by Susanne Lanwerd

Where do we find the sacred in today’s metropoles? How does religion take place in the city? And where do people locate their gods amidst the buzz of everyday urban life? The Urban Sacred investigates these questions by exploring the presence of religion in Amsterdam, Berlin and London. It shows that these cities, commonly counted among the most secularized places of the world, continue to be permeated by religion – albeit in sometimes unexpected ways.

This exhibition focuses on the things that make religion visible in Amsterdam, Berlin and London. In the highly pluralist environments of these cities, religions are not only encountered through abstract ideas but also, and probably even more so, through concrete matter. Contrary to longstanding expectations of belief retreating to the privacy of people’s homes, religion continues to take place in the public space of Western European cities today.

The Urban Sacred points to three emerging features of religious places in all three cities. First, it exposes a contrast between the inconspicuousness and visibility of religion. Attention-grabbing religious buildings from medieval cathedrals to recently built mosques represent the religious aspirations to take people out of the mundane routines of everyday life, as well as to achieve visibility in the public domain. At the same time, religious places often blend in, flowing into other aspects of everyday life and blurring the boundaries between the sacred and the profane. Even a monumental place like London’s Southwark Cathedral fades into a taken-for-granted background for people eating the lunch they bought at neighbouring Borough Market.

Second, religious places are woven into the textures of urban life. In the city's dense and sprawling topography, places of worship must relate to close and diverse neighbours. Meantime, the city is by no means impervious to religious resurgences. Religious sites spring up as new communities move in, providing visible form to the beliefs and the hopes of new inhabitants. These material manifestations of religion do not just happen to be in the city, but are born of the city.

Third, religious places have thick histories. They are inextricably linked with the social histories of the city and themselves consist of multiple layers of past uses and practices. Amsterdam, London and Berlin broadly share a long history of Jewish and Christian presence and a more recent history of Muslim presence as well as of secularization and immigration. Apart from this shared experience, the presence of religion in each of these cities is marked by specific histories, such as religious pillarization in Amsterdam and the Cold War division in Berlin.

Religious icons are both a model of social reality (by mirroring it) and a model for social reality (as an agent which evokes and directs knowledge, experiences, and actions). Thus, the project team advocate an under­stan­ding of religion that synthesizes semiotic-communi­cative, action-oriented, spatial and aesthetic approaches in the conceptual framework.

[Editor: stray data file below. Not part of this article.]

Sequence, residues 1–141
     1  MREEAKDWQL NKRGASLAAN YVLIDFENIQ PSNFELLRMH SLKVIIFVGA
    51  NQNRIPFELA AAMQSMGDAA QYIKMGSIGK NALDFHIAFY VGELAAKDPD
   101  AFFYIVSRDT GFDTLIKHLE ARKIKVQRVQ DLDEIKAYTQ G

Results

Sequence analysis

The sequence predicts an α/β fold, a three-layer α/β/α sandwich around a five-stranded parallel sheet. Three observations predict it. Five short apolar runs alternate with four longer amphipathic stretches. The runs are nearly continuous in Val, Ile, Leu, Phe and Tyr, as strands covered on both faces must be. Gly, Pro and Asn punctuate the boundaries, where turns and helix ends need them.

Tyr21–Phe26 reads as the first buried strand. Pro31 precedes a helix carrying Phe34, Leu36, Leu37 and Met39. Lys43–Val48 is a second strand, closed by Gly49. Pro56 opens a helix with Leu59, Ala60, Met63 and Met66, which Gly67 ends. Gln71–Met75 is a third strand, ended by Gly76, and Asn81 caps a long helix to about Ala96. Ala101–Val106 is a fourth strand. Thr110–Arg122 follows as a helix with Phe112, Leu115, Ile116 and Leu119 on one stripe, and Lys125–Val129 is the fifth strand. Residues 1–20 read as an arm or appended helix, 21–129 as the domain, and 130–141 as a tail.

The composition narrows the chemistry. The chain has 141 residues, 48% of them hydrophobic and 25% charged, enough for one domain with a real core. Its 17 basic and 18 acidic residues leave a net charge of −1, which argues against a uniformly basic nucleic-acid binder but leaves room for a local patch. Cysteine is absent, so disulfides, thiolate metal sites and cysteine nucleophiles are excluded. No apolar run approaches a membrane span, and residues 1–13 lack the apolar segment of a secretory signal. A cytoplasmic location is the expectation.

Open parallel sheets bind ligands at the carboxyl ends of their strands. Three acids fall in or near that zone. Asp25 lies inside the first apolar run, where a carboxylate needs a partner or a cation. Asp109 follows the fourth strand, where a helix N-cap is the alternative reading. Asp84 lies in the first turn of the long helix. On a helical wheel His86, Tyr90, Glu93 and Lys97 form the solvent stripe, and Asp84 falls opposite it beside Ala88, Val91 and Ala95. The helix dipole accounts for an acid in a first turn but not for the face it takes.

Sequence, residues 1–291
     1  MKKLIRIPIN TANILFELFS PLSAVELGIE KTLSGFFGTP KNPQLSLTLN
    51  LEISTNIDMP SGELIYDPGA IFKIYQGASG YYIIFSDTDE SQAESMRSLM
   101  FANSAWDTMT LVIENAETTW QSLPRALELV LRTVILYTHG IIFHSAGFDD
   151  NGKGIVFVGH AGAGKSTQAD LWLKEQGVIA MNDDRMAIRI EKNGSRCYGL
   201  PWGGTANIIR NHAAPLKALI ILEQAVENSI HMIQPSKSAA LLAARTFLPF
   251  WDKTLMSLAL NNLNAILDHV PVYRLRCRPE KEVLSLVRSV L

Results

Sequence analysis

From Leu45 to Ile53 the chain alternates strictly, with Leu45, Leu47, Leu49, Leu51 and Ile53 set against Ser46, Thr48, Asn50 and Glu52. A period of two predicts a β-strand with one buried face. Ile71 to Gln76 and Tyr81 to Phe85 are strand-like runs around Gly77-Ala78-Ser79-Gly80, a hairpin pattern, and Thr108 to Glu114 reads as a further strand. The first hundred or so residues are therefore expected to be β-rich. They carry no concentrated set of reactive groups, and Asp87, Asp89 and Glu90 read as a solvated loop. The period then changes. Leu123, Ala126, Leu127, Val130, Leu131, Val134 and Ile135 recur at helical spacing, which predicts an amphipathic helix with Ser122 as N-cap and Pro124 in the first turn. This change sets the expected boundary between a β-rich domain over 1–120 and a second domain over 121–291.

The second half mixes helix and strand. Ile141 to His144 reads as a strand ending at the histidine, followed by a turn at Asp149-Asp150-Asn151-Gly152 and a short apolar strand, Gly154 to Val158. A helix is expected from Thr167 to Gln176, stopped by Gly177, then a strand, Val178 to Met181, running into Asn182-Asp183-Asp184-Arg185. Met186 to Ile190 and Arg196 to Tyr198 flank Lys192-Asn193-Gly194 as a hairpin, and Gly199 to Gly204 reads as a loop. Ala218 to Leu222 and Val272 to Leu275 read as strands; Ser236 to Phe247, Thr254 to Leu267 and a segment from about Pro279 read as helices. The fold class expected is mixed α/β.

The contributions to this catalogue take various scholarly approaches. Steph Berns deals with the topic of the interconnection of urban mobility and/with religious activities. Daan Beekers discusses religious sites in Amsterdam that bear witness to a process of conversion and reutilization. Kim Knott has chosen a decidedly spatial approach in her research on religious symbols in the cities of Amsterdam, Berlin and London. Volkhard Krech draws on the reflections of Charles Sanders Peirce to explain how religious symbols function. Susanne Lanwerd presents the aesthetic approach that at the same time forms the basis of field research and exhibitions. Birgit Meyer focuses on the material forms religion takes. Rolf Engelbart, the only outside contributor to this catalogue, devotes himself to the deeper historical dimensions of religious sites in Berlin and discusses them from architectural, church policy, and socio-political standpoints.

The views of the photographers, presented in The Urban Sacred, help us to engage with the challenging experience of multiple perspectives on the iconic fields of our research. The artistic approach, one that for example presents details of a site in a blurring manner, differs considerably from historical analysis, from facts and figures of scholarly studies of religions as well as from results of the conducted field research, such as interviews.

The work of the photographers will not be split according to the cities and places. A separate section will be devoted to each individual artist, in order to value their specific perspectives on the iconic fields in Amsterdam, Berlin, and London; we thus intend to offer an alternative approach, allowing unattended entanglements between people, places and spaces to emerge. Spatial blocks such as „Amsterdam“, „Berlin“, „London“ are becoming diaphanously.

This exhibition would not have been possible without the support and collaboration of our partners. I extend my thanks to my colleagues in the Iconic Religion Project as well as to the contributors to this catalogue, the employees of the Centrum für Religionswissenschaftliche Studien der Ruhr Universität Bochum (Center for Religious Science Studies at Ruhr University Bochum), especially Brigitte Guthmann; our partners of the venues: in Bochum, especially Hans Günter Golinski, in London, Berlin and Amsterdam; the designer Ralf Müller von der Haegen and Janna Frenzel; the translators Alison Urban and Henning Bochert; Fritz Veitl and Nicole Warmbold of Metropol Verlag; the Federal Ministry of Education and Research, especially Christopher Wertz and – last, not least – HERA: Humanities in the European Research Area.